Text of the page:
Tonight after our second flight this little frog hopped onto the road behind our setup table.
It has beautiful colours with the vivid green stripe and orange white and brown patterns. From my very brief book on various wildlife, I think this is the ornate frog.
Are any of you able to help confirm or correct?
Frogs are such an important indicator of a healthy ecosystem and here in Hwange National Park there is a lot of good evidence showing that nature is progressing.
The difficulty in a conservation manager’s role within a defined park is to maintain such a healthy ecosystem, allowing nature to persist within a defined area.
Luckily in Zimbabwe and Botswana there are limited fences so animals are still able to roam but the protection of them is compromised as they travel across highways, through towns and farms. In places like South Africa where there are fences, managing naturally growing populations within a fixed area is something that Has to be manually managed within the budgets that the parks have. Having more animals than the land can sustain strains the nutrient availability in the soils and plants and water availability thus eventually harming the wildlife.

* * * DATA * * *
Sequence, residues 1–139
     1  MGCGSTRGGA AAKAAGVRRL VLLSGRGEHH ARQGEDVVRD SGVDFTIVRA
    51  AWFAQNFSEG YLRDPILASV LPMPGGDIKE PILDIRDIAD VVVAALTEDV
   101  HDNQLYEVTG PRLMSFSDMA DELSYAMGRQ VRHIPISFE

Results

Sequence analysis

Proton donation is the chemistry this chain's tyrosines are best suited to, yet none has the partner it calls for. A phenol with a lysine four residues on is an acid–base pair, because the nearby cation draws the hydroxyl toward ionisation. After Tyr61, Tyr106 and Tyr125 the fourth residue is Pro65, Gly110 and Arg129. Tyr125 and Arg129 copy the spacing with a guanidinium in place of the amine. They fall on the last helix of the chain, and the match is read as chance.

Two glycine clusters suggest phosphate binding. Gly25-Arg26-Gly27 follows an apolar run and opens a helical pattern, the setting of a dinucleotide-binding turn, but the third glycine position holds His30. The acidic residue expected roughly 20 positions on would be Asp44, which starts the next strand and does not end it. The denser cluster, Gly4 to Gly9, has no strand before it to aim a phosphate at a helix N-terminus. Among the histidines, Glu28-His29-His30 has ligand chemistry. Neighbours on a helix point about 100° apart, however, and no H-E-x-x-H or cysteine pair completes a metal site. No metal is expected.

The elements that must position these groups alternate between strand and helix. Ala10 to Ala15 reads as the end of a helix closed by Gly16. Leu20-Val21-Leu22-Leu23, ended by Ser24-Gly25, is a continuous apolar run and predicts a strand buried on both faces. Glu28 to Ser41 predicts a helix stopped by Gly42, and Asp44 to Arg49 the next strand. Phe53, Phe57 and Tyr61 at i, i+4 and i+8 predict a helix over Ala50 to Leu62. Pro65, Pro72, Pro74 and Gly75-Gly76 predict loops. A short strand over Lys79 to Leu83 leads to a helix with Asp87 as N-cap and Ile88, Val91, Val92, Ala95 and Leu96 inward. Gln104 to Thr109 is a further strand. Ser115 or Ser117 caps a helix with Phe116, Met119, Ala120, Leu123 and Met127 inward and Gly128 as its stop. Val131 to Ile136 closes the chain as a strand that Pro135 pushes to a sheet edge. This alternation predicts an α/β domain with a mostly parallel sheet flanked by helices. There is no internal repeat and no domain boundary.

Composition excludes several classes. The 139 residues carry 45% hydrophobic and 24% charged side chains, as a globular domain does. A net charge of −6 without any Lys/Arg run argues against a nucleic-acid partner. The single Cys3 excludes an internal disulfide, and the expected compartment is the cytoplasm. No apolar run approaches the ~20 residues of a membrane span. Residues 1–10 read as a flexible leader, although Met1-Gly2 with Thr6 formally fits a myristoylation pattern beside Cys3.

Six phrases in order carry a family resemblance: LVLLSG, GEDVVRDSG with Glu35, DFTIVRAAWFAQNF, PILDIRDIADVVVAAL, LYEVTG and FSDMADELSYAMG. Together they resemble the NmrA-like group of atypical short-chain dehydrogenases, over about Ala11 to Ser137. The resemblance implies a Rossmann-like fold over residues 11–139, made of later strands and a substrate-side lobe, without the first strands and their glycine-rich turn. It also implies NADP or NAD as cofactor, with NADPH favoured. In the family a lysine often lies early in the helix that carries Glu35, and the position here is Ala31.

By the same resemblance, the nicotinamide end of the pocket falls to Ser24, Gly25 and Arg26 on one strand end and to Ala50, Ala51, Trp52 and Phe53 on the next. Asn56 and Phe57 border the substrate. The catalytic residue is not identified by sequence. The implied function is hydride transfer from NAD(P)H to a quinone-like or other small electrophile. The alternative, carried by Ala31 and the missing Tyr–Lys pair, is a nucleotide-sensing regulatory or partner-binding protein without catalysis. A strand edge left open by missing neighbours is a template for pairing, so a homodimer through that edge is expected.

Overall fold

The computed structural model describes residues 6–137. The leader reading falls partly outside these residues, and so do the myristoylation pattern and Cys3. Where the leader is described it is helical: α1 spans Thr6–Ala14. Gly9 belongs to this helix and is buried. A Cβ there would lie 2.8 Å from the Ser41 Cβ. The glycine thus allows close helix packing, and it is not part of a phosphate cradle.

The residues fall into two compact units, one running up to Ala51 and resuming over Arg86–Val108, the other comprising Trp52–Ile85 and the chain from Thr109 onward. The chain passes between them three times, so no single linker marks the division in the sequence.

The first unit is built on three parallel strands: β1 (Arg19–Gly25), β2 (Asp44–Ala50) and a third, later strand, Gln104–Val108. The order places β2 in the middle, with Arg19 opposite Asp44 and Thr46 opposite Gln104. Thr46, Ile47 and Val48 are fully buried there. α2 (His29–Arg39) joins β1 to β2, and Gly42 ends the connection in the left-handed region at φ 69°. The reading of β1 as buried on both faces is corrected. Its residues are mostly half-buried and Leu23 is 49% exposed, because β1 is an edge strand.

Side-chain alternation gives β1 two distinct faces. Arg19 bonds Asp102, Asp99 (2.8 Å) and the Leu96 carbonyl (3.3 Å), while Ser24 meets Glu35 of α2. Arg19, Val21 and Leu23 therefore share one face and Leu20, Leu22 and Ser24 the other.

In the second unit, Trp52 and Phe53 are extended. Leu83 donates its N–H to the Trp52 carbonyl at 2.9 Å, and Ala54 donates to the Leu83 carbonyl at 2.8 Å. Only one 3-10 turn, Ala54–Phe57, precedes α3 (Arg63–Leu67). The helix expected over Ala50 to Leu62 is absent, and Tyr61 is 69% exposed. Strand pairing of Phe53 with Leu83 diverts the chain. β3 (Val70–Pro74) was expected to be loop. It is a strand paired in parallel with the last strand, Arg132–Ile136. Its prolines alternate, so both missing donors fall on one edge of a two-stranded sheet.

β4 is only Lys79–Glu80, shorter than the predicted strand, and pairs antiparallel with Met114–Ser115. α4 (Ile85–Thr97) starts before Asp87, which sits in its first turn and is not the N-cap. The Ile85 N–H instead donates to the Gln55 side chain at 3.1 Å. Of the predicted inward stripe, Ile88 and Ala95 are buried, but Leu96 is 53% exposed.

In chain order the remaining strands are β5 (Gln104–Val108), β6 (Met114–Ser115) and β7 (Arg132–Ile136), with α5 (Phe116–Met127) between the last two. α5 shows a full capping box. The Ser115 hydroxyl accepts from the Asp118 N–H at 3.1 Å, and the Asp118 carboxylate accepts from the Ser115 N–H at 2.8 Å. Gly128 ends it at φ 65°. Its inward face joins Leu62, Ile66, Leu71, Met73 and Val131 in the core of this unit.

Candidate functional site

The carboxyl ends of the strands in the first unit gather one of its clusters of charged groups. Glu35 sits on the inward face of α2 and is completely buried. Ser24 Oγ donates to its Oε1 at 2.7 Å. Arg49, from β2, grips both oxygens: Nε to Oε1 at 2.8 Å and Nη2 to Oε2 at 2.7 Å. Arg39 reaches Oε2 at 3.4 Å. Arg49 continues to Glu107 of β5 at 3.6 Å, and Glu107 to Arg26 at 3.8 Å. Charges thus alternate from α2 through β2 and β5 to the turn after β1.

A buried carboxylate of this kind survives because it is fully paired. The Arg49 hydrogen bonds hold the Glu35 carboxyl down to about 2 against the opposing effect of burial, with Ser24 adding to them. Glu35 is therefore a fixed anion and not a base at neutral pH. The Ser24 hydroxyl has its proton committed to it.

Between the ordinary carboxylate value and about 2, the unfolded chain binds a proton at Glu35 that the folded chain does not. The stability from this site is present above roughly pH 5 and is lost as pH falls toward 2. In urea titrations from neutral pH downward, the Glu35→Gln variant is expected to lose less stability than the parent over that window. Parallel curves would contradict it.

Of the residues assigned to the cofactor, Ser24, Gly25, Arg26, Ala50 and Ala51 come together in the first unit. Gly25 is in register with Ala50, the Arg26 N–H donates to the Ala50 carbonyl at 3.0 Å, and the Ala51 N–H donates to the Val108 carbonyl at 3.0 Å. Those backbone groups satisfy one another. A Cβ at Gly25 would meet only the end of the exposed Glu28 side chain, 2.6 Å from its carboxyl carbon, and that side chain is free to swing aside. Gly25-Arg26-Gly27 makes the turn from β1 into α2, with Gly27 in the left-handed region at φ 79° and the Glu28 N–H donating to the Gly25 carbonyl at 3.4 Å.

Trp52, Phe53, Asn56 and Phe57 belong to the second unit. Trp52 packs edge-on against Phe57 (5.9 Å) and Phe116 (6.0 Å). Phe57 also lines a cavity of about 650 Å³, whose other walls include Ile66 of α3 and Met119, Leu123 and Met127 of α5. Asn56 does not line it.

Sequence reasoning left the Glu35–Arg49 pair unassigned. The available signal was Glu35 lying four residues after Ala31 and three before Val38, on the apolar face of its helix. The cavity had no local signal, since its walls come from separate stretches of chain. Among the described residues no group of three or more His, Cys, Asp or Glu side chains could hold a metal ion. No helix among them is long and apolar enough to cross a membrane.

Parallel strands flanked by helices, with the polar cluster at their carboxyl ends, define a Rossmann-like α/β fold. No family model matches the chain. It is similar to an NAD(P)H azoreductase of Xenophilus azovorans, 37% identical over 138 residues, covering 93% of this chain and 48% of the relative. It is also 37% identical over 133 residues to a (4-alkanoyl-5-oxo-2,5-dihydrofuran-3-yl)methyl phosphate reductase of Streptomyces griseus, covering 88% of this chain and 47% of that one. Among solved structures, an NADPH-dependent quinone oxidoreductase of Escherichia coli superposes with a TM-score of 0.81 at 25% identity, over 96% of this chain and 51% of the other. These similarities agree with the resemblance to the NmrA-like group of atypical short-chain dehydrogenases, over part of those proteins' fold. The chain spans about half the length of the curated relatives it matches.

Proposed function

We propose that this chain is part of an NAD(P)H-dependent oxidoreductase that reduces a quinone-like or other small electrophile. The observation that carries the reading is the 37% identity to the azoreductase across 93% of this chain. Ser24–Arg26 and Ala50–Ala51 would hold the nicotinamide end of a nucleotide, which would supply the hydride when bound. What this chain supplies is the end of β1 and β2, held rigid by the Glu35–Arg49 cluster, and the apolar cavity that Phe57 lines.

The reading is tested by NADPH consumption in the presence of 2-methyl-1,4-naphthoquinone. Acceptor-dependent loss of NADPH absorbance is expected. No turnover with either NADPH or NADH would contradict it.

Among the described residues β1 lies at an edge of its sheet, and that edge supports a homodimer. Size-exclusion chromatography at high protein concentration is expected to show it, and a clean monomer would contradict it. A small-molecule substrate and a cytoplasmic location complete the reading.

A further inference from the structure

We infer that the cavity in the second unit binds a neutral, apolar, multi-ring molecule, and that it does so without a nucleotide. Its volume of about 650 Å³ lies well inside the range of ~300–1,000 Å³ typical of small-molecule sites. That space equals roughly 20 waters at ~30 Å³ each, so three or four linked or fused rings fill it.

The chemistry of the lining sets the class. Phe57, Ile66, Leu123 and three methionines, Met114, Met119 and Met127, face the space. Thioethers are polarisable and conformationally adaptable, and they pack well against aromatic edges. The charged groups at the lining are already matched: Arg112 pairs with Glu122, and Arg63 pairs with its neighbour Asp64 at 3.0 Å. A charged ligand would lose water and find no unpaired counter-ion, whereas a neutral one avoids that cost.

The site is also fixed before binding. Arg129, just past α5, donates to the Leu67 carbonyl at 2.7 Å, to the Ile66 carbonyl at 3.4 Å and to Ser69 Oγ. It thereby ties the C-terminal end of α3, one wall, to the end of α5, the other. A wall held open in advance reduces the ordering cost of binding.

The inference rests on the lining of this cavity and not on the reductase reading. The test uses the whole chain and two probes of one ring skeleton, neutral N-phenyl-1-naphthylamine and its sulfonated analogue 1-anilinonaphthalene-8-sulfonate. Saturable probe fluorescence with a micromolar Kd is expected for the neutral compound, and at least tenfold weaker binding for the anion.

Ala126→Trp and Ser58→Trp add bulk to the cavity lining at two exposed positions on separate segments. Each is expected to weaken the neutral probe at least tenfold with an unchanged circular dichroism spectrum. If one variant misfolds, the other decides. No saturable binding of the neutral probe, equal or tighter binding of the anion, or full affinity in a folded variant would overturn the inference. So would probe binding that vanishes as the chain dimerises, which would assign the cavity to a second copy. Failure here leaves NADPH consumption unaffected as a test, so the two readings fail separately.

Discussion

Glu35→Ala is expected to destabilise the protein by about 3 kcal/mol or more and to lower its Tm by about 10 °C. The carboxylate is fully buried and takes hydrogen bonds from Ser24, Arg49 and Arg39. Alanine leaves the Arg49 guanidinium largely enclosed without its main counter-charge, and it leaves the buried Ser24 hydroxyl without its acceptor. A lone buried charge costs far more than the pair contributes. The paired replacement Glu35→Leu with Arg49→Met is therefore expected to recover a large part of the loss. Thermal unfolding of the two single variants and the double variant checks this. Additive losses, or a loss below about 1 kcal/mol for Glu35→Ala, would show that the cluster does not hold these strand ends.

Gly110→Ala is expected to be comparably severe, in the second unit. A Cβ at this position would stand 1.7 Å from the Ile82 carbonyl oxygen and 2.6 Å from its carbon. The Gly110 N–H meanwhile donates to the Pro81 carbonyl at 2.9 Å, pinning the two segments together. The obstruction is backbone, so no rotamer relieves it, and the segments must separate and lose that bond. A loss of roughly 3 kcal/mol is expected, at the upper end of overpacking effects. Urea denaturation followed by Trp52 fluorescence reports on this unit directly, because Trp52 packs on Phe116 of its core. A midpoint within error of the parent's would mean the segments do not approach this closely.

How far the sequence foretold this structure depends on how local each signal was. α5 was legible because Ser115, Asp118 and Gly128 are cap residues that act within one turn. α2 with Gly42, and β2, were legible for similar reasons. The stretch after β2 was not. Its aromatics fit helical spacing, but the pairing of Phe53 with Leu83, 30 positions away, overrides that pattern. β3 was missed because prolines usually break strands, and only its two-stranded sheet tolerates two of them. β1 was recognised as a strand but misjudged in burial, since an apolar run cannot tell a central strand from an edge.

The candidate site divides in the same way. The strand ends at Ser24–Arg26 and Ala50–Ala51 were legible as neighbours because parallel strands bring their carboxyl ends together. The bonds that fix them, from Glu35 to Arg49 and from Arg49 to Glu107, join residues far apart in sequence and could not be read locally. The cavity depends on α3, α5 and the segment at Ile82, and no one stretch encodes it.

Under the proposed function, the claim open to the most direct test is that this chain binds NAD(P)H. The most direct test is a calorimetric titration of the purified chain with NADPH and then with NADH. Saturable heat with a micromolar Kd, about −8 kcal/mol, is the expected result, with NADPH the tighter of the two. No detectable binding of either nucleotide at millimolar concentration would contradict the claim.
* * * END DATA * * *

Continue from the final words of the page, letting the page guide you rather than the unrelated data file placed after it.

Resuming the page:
It is an idealist who wants all the animals saved and transported to where their populations are dwindling in other parts of Africa: this is a costly exercise and stressful for the animal. The alternatives are culling, cropping and allowing limited sustainable hunting. I still don’t understand why people enjoy hunting, but if planned appropriately by the conservation management of an area to sustain overall population growth then allowing particular sustainable hunting can also provide much needed funds to a park. We learnt during our course how much hunting concessions in Africa have actually contributed to protecting wildlife as contradictory as it sounds! They keep wilderness areas wild allowing an entire ecosystem to live (including those that don’t get hunted), whereas if it wasn’t a hunting concession it would probably be a farm which would either destroy the land from overgrazing or ruin the ecosystem through monoculture.